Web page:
This vulnerability exposes encrypted data to a number of attacks whose goal is to recover the plaintext.

## Why is this an issue?

Encryption algorithms are essential for protecting sensitive information and ensuring secure communications in a variety of domains. They are used
for several important reasons:

- Confidentiality, privacy, and intellectual property protection
- Security during transmission or on storage devices
- Data integrity, general trust, and authentication

When selecting encryption algorithms, tools, or combinations, you should also consider two things:

- No encryption is unbreakable.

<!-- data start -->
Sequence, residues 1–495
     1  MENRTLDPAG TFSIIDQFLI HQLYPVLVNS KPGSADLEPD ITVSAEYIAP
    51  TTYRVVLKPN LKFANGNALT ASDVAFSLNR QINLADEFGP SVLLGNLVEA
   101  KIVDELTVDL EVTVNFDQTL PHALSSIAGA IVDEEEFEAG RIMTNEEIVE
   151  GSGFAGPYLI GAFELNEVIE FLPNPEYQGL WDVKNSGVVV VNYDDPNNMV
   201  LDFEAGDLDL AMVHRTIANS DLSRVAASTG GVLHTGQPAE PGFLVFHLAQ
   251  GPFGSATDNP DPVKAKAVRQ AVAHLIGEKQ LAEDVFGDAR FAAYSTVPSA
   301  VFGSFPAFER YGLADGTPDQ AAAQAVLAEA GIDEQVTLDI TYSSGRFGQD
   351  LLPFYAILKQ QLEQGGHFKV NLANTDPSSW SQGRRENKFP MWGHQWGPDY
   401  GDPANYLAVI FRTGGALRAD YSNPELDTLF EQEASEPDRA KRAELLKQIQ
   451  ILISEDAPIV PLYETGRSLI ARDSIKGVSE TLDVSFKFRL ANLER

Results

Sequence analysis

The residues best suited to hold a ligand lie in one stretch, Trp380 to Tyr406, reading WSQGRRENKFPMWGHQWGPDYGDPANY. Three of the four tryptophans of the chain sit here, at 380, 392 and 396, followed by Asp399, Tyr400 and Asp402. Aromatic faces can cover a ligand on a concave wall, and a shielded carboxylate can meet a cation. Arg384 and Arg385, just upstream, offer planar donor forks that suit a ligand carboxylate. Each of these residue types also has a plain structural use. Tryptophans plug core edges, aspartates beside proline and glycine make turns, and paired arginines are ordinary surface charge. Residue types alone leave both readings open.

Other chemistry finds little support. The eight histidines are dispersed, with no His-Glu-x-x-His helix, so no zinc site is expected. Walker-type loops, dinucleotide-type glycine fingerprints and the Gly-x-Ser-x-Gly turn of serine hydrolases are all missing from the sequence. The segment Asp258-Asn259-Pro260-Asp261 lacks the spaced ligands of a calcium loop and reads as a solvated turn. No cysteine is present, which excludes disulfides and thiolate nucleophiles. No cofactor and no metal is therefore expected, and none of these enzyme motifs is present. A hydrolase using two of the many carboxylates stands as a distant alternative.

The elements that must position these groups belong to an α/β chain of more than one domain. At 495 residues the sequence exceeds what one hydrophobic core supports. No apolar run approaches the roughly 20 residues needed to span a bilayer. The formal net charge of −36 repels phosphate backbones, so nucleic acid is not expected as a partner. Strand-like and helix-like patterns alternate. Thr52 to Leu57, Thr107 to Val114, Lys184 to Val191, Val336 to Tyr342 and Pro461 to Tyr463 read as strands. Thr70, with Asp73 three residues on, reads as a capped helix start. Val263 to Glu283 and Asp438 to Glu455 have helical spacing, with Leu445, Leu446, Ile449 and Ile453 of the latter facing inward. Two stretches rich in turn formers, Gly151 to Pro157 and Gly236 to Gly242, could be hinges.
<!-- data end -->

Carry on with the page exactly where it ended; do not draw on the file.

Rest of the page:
- The strength of an encryption algorithm is usually measured by the effort required to crack it within a reasonable time frame.

For these reasons, as soon as cryptography is included in a project, it is important to choose encryption algorithms that are considered strong and
secure by the cryptography community.

For AES, the weakest modes are CBC (Cipher Block Chaining) and ECB

(Electronic Codebook), as they are either vulnerable to padding oracles or do not provide authentication mechanisms.

And for RSA, the weakest algorithms are either using it without padding or using the PKCS1v1.5 padding scheme.

### What is the potential impact?

The cleartext of an encrypted message might be recoverable. Additionally, it might be possible to modify the cleartext of an encrypted message.

Below are some real-world scenarios that illustrate possible impacts of an attacker exploiting the vulnerability.

#### Theft of sensitive data